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What people want is fair trade, not free trade

New Straits Times (Malaysia)

Just Sayin’: What people want is fair trade, not free trade

19 Apr 2006

Brian Yap

BEFORE the year 2000, which also happens to be the year President George W. Bush stepped into the Oval Office, the United States only had three free trade agreements - with its North American neighbours Mexico and Canada, and Israel.

Six years later, Australia, Bahrain, Chile, Jordan, Oman, Morocco, Singapore, Peru, Costa Rica, Dominican Republic, El Salvador, Guatemala, Honduras and Nicaragua have joined the list. The Republican administration, one has to assume, has a thing for free trade agreements.

And it wants more. The US administration wants to complete as many FTAs as possible before the July 2007 expiration of its authority to negotiate trade deals under special procedures requiring Congress to speed up its consideration of the deals.

Malaysia might be far from being the most populous country in the world, but we are the US’ 10th biggest trading partner. The US, on the other hand, is our largest trading partner and largest foreign investor. In 2005, we had a total of US$44 billion (RM161 billion) in two-way trade. So, understandably, we’re both very important to one another, economically speaking.

"Malaysia has been at the forefront of the economic dynamism transforming Asia in recent years," US Trade Representative Rob Portman said at the news conference announcing the beginning of talks a month ago. "Malaysia’s rapidly growing economy will help generate meaningful export opportunities for our workers, service providers and farmers."

Nice words, to be sure. Though I’m sure if Portman was in Malaysia, he’d say the same thing, but maybe substitute "our" for "your". According to the Ministry of International Trade and Industry, the issues to be negotiated under the Malaysia-US FTA are: trade in goods (including agriculture products), trade in services (including financial services), investment, government procurement, intellectual property rights, labour, environment, competition policy, Customs procedures, trade remedies, sanitary and phyto- sanitary and technical barriers to trade.

Those are some far-reaching areas. It’s not just some Malaysians who are cautious. Critics of free trade in the US often argue that these agreements open up American workers to unfair competition from low-wage countries. It’s a way for corporations to basically go around the labour laws in their home country, which includes minimum wages, the right to unionise and high-safety regulations, among others. It could be said that it’s similar to the exclusion of foreign maids from our own employment legislation, also an issue of contention.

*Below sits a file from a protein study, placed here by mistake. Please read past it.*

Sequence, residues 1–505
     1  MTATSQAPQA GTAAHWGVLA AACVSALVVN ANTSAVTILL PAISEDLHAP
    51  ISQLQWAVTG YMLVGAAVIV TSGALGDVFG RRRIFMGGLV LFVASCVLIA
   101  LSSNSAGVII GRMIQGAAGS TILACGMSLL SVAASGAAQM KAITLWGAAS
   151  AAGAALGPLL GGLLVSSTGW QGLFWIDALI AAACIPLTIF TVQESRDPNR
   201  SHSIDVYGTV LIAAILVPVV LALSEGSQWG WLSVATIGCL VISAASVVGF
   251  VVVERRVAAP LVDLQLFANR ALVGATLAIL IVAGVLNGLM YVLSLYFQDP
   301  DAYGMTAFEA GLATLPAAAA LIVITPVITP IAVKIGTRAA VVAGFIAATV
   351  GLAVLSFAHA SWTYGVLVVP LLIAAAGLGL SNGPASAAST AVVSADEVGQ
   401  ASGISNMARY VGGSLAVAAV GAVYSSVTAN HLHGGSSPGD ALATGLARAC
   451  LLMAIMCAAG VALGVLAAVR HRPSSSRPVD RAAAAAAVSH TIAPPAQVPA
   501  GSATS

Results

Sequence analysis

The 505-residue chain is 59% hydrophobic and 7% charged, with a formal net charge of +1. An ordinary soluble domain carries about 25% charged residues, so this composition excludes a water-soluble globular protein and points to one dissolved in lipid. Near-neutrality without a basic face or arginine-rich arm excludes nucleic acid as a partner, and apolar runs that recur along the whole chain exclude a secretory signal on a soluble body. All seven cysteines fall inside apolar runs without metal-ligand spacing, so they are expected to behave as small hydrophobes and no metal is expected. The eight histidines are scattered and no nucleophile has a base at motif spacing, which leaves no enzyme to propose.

Then there’s intellectual property rights, which one might think is all about wiping out the pirated movies and music so prevalent here. But a bigger concern than getting a DVD of The Da Vinci Code in advance is how access to much-needed drugs will be affected. Patents will prevail over patients, and generic, more affordable drugs might no longer be available.

In recent years, there have been a huge outcry from the world community over the high prices of antiretroviral drugs (ARVs), so much so that South Africa defied the law to provide HIV/AIDS victims with generic medication. With the WHO warning last year that an HIV epidemic is said to be impending in Malaysia, this is a serious concern.

There are too many issues with the potential Malaysia-US deal to fully explore here, but it’s safe to say corporate interests are often paramount in free trade agreements. The idea of benefits trickling down to the general public doesn’t really hold water either.

Let’s take a look at the North American Free Trade Agreement (Nafta). Fourteen years later, the agreement between the US, Mexico and Canada has resulted in a decrease in wages in Mexico by up to 20 per cent in certain industries, the reduction of influence in trade unions, and, the most ironic of all, a dramatic increase in immigration from Mexico to the US.

If Mexicans are supposed to benefit economically too, then why are they leaving their country even more?

Recently, in a comment to The Nation newspaper, the Argentinian ambassador to Thailand said that the economic strength of the US makes it "virtually impossible" for developing nations to negotiate a fair deal. I’m not a football fan, but I suppose it’ll be like Chelsea playing the national team. I know the minister is often referred to as the Iron Lady, but even she might have a tough time.

Of course, there are always those who will be in favour of the FTA. These proponents, however, should, at the very least, demand that the details of the agreements be explained to the public honestly and clearly. In Thailand, where people have also been opposed to the FTA, even the governor of the Bank Of Thailand acknowledged that a lack of explanation to the public played a part in their disfavour.

Ultimately, however, I think what people want is fair trade, not free trade. Nonetheless, if the argument that the FTA stands to benefit Malaysia as a whole is sound, then this, we hope, can be proven by an open discussion of what the agreement will really mean to individual Malaysians, and not just corporate interests.

The columnist is a writer at the monthly Klang Valley magazine, KLue. Email him at

 source: New Straits Times